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Cannabis Use Disorder (CUD) Treatment

Deciding to get treated for cannabis use disorder (CUD), aka marijuana addiction, is a major life decision. In fact, if you’ve made it to this point, you’ve just passed the first stage of addiction recovery!

Treatment for CUD isn’t just about removing a single habit from your life. It’s about recognizing all the ways that your marijuana use has influenced your thoughts, daily routine, and personal relationships. In taking the first steps toward treatment, you’ve already reclaimed control over yourself. You can now look forward to regaining all those aspects of your life that have been replaced by CUD—it’s called recovery for a reason.

What is the Treatment for CUD?

There is no one-size-fits-all treatment for cannabis use disorder. Two people with CUD won’t necessarily have the same response to the same treatment, the same way that two people may not have the same effects from a blood pressure-lowering medication. Fortunately, there are many strategies for treating your CUD, ranging from self-made lifestyle changes to in-person therapy. Depending on the severity of your addiction and the potential for severe withdrawal, some people may benefit from more intensive therapy. Read on to see which of the following treatment options may best suit your needs. And remember, the content on this website is not intended to be a substitute for professional medical advice, diagnosis, or treatment. Always consult with a qualified physician or other medical care provider.

Self-Directed Treatment

In contrast to other substances like alcohol, stopping marijuana too abruptly is not life-threatening. Withdrawal symptoms can be challenging, but do not pose any long-term dangers to your health. This means that, for people with mild to moderate addiction, it is possible to wean your marijuana use without the supervision of a doctor or therapist. Defining your personal treatment goals, treatment timeline, and coping strategies are important aspects of formulating a good self-directed treatment.

If you choose to go the self-directed treatment route, you’ll quickly find that life-style modifications are the best way to stay abstinent. Coping strategies, distractions, and healthy daily routines are going to be your fortress against temptation. Go on a run with a friend or join an exercise class. Find other creative outlets for stress reduction, or perhaps practicing mindfulness techniques like meditation or prayer whenever you feel tempted to use.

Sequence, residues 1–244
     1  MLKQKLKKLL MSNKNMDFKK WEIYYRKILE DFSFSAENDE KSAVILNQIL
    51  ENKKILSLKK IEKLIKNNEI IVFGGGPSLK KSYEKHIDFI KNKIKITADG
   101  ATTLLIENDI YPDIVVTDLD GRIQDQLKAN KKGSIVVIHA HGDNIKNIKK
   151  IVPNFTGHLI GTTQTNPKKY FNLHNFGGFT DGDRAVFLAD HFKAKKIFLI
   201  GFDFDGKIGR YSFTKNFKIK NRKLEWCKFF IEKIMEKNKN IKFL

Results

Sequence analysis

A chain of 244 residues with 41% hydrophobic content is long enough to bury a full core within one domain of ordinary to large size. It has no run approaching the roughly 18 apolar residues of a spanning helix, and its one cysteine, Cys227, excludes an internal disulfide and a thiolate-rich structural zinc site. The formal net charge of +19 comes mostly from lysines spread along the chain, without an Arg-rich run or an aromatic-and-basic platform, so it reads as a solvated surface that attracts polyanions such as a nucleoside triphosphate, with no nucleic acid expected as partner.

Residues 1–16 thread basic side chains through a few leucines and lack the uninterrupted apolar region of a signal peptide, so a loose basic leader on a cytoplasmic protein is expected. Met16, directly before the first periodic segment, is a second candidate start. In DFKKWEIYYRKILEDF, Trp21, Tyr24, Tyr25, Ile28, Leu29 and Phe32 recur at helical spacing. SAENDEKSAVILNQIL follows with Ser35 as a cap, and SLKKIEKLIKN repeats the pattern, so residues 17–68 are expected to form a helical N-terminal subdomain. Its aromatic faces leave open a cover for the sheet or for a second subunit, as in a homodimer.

Note: while ‘self-directed’ treatment may sound like you’re going about it alone, that isn’t, and shouldn’t be, the case. Although it may not seem like it right now, you are surrounded by people who are cheering you on. If you aren’t, though, and your current crowd is normalizing a behavior that you want to eliminate, it might be a good idea to look elsewhere—your family, other friends, even third parties—for support. Because, in the end, self-directed treatment works best for people who have a strong network of family and friends. Having this additional support helps you keep yourself accountable to treatment goals and can be a source of emotional comfort when the recovery process is tough. For more information on how to get started, check out The Weedless Guide.

Outpatient Treatment

For some people, creating your own treatment strategy, or doing a few days of structured therapy, won’t be enough to overcome marijuana addiction. It is common to struggle with more than one substance use disorder in addition to cannabis use disorder. If you’re one of those people, then just know that you’re not alone. If you have cannabis use disorder, you are twice as likely to struggle with alcohol addiction compared to others (Kerridge, Addict Behav, 2018).

Whether cannabis was your introduction to alcohol and other substances, or vice versa, we aren’t here to judge, but to help. If you are planning to quit, you may consider consulting with your doctor or a healthcare professional, as you are also at increased risk of severe cannabis withdrawal syndrome. A brief stay in the hospital, if you so choose, may also be helpful in reducing temptation to use other substances when you’re craving marijuana.

Many people struggle with a mental illness on top of their marijuana addiction. Like with other substance use disorders, having a mood disorder like depression of bipolar disorder makes you twice as likely to develop cannabis use disorder compared to someone without a psychiatric diagnosis (Lev-Ran, Am J Addict, 2013). With cessation of marijuana use, there is an elevated risk of your baseline mood symptoms getting much worse, since mood disturbances and mood swings are dominant features of cannabis withdrawal. Therefore, getting appropriate treatment may also require a brief stay in an inpatient facility or residential treatment center. Having these environments, which are designed to be a safe space, will ensure that you can get the real-time medical attention you may need when trying to quit.